In Measurement of a Circle written circa 250 BCE, Archimedes showed that this ratio (C/d, since he did not use the name π) was greater than 310/71 but less than 31/7 by calculating the perimeters of an inscribed and a circumscribed regular polygon of 96 sides.[5] This method for approximating π was used for centuries, obtaining more accuracy by using polygons of larger and larger number of sides. The last such calculation was performed in 1630 by Christoph Grienberger who used polygons with 1040 sides.

Ellipse

Main article: Ellipse § Circumference

Circumference is used by some authors to denote the perimeter of an ellipse.

There is no general formula for the circumference of an ellipse in terms of the semi-major and semi-minor axes of the ellipse that uses only elementary functions.

However, there are approximate formulas in terms of these parameters. One such approximation, due to Euler (1773), for the canonical ellipse,

x

2

a

2

+

y

2

b

2

=
1
,

{displaystyle {frac {x^{2}}{a^{2}}}+{frac {y^{2}}{b^{2}}}=1,}

is

C

e
l
l
i
p
s
e


π

2
(

a

2

+

b

2

)

.

{displaystyle C_{
m {ellipse}}sim pi {sqrt {2(a^{2}+b^{2})}}.}

Some lower and upper bounds on the circumference of the canonical ellipse with

a

b

{displaystyle ageq b}

are[6]

2
π
b

C

2
π
a
,

{displaystyle 2pi bleq Cleq 2pi a,}

π
(
a
+
b
)

C

4
(
a
+
b
)
,

{displaystyle pi (a+b)leq Cleq 4(a+b),}

4

a

2

+

b

2


C

π

2
(

a

2

+

b

2

)

.

{displaystyle 4{sqrt {a^{2}+b^{2}}}leq Cleq pi {sqrt {2(a^{2}+b^{2})}}.}

Here the upper bound

2
π
a

{displaystyle 2pi a}

is the circumference of a circumscribed concentric circle passing through the endpoints of the ellipse's major axis, and the lower bound

4

a

2

+

b

2

{displaystyle 4{sqrt {a^{2}+b^{2}}}}

is the perimeter of an inscribed rhombus with vertices at the endpoints of the major and minor axes.

The circumference of an ellipse can be expressed exactly in terms of the complete elliptic integral of the second kind.[7] More precisely, we have

C

e
l
l
i
p
s
e

=
4
a

0

π

/

2

1

e

2

sin

2


θ

 
d
θ
,

{displaystyle C_{
m {ellipse}}=4aint _{0}^{pi /2}{sqrt {1-e^{2}sin ^{2} heta }} d heta ,}

where again

a

{displaystyle a}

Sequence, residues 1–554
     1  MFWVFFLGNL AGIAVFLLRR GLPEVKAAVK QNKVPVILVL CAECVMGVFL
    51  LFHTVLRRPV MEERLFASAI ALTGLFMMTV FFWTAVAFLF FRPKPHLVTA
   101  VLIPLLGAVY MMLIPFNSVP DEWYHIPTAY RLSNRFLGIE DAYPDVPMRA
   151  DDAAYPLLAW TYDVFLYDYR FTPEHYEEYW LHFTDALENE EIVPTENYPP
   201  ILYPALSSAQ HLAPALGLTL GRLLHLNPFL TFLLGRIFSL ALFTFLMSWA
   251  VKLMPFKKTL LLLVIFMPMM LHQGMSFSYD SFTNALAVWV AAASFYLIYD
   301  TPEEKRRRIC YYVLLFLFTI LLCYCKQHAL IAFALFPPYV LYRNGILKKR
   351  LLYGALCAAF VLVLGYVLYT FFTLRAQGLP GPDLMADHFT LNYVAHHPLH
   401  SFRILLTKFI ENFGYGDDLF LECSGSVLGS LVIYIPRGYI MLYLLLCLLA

is the length of the semi-major axis and

e

{displaystyle e}

is the eccentricity

1

b

2

/

a

2

.

{displaystyle {sqrt {1-b^{2}/a^{2}}}.}

Graph

In graph theory the circumference of a graph refers to the longest (simple) cycle contained in that graph.[8]

See also

  • Arc length
  • Area
  • Isoperimetric inequality

References

  1. ^ San Diego State University (2004). “Perimeter, Area and Circumference” (PDF). Addison-Wesley. Archived from the original (PDF) on 6 October 2014.
  2. ^ Bennett, Jeffrey; Briggs, William (2005), Using and Understanding Mathematics / A Quantitative Reasoning Approach (3rd ed.

    ), Addison-Wesley, p. 580, ISBN 978-0-321-22773-7

  3. ^ Jacobs, Harold R. (1974), Geometry, W. H. Freeman and Co., p. 565, ISBN 0-7167-0456-0
  4. ^ Sloane, N. J. A. (ed.). “Sequence A000796”. The On-Line Encyclopedia of Integer Sequences. OEIS Foundation.
  5. ^ Katz, Victor J.

    (1998), A History of Mathematics / An Introduction (2nd ed.), Addison-Wesley Longman, p. 109, ISBN 978-0-321-01618-8

  6. ^ Jameson, G.J.O. (2014). “Inequalities for the perimeter of an ellipse”. Mathematical Gazette. 98 (499): 227–234. doi:10.2307/3621497. JSTOR 3621497.

  7. ^ Almkvist, Gert; Berndt, Bruce (1988), “Gauss, Landen, Ramanujan, the arithmetic-geometric mean, ellipses, π, and the Ladies Diary”, American Mathematical Monthly, 95 (7): 585–608, doi:10.

    2307/2323302, JSTOR 2323302, MR 0966232, S2CID 119810884

  8. ^ Harary, Frank (1969), Graph Theory, Addison-Wesley, p. 13, ISBN 0-201-02787-9

External links

The Wikibook Geometry has a page on the topic of: Arcs
Look up circumference in Wiktionary, the free dictionary.
  • Numericana – Circumference of an ellipse

Circumference of a Circle (Definition, Formula & Examples)

Circumference of the circle or perimeter of the circle is the measurement of the boundary across any two-dimensional circular shape including circle.  Whereas the area of circle, defines the region occupied by it.  If we open a circle and make a straight line out of it, then its length is the circumference. It is usually measured in unit cm or unit m.

When we use the formula to calculate the circumference of the circle, then the radius of the circle is taken into account. Hence, we need to know the value of radius or the diameter to evaluate the perimeter of circle.

Circumference of a Circle Formula

  • The Circumference (or) perimeter of a circle = 2πR
  • where,
  • R is the radius of the circle
  • π is the mathematical constant with an approximate (up to two decimal points) value of 3.14
  • Again,
  • Pi (π) is a special mathematical constant, it is the ratio of circumference to diameter of any circle.
  • where C = π D